This past Monday, more than 100 people – young and old – streamed into our church parish center for Vacation Bible School, and it was my job to make sure it all ran smoothly. It was the sixth time I’ve overseen the program.
I originally volunteered for the position a month or so before my husband was diagnosed with cancer. The church religious education director graciously gave me an opportunity to bow out, but I assured her I would be ok.
While it’s up for debate whether I was ever really ok, VBS seemed to be a success that year. And it has seemed to be a success each following year – including the year in which I learned my husband would die, the year in which we buried him and the year in which the numbness wore off and reality set in.
In fact, once we knew the clock was ticking, my husband and I spent a lot time quietly hoping and praying that his exit from this world wouldn’t coincide with some other big event, like a Christmas or a birthday. Also on my list? VBS.
Turning the Mute Button on Grief
That may sound a bit obsessive, but it’s right in line with my normal MO when it comes to grieving. As my Dad was dying, I set up the laptop in the hospital room and tapped away while keeping vigil.
When my husband got sick, I did the same in emergency rooms, waiting rooms and chemo rooms. My laptop was my constant companion in those days. While he was getting CT scans, I was writing about online colleges in North Dakota. When he died, I told my editors my work might be delayed for a few days but I’d be back on track by the end of the week.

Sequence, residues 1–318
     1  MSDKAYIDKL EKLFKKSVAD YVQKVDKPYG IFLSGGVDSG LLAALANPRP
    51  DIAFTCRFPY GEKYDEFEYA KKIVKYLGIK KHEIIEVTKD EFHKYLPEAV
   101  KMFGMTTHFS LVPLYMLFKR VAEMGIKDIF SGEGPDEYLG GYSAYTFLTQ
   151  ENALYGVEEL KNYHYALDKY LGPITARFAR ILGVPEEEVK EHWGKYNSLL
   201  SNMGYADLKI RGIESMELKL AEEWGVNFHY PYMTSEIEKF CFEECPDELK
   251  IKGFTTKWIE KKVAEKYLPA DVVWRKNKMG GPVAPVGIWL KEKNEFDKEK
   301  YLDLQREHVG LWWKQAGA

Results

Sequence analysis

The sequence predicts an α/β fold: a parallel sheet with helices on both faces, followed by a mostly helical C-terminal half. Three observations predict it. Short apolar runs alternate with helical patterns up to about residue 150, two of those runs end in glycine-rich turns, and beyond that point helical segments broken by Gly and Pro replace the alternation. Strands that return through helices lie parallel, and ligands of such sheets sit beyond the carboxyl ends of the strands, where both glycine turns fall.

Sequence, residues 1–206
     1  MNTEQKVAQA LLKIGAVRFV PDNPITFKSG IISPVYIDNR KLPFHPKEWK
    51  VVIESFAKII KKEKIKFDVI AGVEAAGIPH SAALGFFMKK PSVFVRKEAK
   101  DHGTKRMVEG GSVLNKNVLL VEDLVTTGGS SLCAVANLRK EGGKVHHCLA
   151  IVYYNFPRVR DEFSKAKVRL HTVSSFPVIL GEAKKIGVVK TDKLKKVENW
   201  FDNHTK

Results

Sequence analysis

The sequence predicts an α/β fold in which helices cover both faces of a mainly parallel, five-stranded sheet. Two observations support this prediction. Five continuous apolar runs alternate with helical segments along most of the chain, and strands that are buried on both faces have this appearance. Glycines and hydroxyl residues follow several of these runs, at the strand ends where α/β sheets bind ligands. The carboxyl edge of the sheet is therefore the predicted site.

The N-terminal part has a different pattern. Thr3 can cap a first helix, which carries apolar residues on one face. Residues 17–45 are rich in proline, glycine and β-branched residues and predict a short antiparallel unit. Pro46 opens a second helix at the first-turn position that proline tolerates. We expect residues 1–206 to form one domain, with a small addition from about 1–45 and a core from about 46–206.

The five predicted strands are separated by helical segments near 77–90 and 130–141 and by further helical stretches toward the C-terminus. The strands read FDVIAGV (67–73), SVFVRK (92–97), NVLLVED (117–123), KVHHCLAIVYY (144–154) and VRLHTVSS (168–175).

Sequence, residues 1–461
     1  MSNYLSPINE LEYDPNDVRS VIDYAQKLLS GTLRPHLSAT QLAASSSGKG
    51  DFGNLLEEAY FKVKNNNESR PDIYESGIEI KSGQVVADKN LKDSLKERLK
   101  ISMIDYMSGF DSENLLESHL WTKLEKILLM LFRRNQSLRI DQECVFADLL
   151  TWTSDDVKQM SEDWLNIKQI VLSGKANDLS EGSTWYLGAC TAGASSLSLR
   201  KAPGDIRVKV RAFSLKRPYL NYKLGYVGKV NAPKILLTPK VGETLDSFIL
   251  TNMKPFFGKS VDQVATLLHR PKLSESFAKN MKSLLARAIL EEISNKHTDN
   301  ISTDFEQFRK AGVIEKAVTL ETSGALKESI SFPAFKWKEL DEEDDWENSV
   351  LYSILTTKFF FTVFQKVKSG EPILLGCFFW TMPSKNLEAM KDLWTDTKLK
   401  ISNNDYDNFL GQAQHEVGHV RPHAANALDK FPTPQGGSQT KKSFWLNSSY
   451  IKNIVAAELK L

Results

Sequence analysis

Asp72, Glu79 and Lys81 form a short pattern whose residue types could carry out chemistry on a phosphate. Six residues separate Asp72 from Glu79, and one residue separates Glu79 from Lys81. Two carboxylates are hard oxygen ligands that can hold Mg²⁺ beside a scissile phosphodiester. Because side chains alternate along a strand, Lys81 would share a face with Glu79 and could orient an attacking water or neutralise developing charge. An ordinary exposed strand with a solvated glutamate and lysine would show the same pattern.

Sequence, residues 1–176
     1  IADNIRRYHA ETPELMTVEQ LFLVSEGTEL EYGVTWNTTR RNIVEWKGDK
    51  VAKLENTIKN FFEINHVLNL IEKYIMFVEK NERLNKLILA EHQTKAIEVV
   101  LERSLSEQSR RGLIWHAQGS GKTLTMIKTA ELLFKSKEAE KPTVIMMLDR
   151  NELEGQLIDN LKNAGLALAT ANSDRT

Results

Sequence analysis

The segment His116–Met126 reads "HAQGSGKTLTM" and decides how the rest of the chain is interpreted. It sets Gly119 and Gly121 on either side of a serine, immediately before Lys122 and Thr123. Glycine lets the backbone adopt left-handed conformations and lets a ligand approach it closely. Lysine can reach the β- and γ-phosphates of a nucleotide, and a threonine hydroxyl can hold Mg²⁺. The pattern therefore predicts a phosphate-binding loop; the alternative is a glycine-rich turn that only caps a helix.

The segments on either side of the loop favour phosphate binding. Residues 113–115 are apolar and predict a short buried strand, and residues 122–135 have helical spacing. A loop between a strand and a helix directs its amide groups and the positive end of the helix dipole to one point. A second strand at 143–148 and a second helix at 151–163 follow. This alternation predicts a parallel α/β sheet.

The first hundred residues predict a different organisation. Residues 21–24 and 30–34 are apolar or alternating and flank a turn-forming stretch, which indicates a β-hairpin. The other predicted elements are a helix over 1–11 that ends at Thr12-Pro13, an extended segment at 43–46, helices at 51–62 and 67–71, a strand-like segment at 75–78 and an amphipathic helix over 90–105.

Some may say working without pause is avoiding the situation. And I say, so what?
So what if someone is working without end rather than pausing to soak up the horror of their current situation? Some people argue we should be really present in the moment and let ourselves fully experience our emotions.
I say bologna, and I have to wonder if the people who believe you should let yourself be immersed fully in your grief are also people who have never truly experienced grief. Because I’m not talking about the type of grief that comes from losing a job, a house or even a beloved pet.
I’m talking about the type of soul-crushing, I-can’t-breathe-for-months grief that comes from having the carpet pulled out from under your entire being. The grief for which there is no comfort. The grief for which there is no fix.
You can’t face that type of grief head-on. It’s like getting too close to the sun. It will burn you up.
Working Convinces Us We’re Doing Ok
And so we work. Our jobs – whether paid or volunteer – mute the pain. We might not do our best work, but that’s beside the point. Having a job gives us a distraction, a reason to climb out of bed in the morning.
What’s more, by working we talk ourselves into a narrative that says ‘everything is ok.’ If we’re still plugging away a job, then whatever awful thing that’s happening in our life really can’t be that awful, right?
That’s why I’ve never dropped VBS or the city planning commission or almost any of my other volunteer positions. It’s why I never took an extended leave from my work. Because once you quit, you’re acknowledging that yes, tragedy has hit. Even though my heart knew it to be true, my head would never let me go there.
Maybe we work too much. Maybe we should sit back and let the grief wash over us, but I’d rather not drown. I’d rather let 100 VBS participants take me to another place.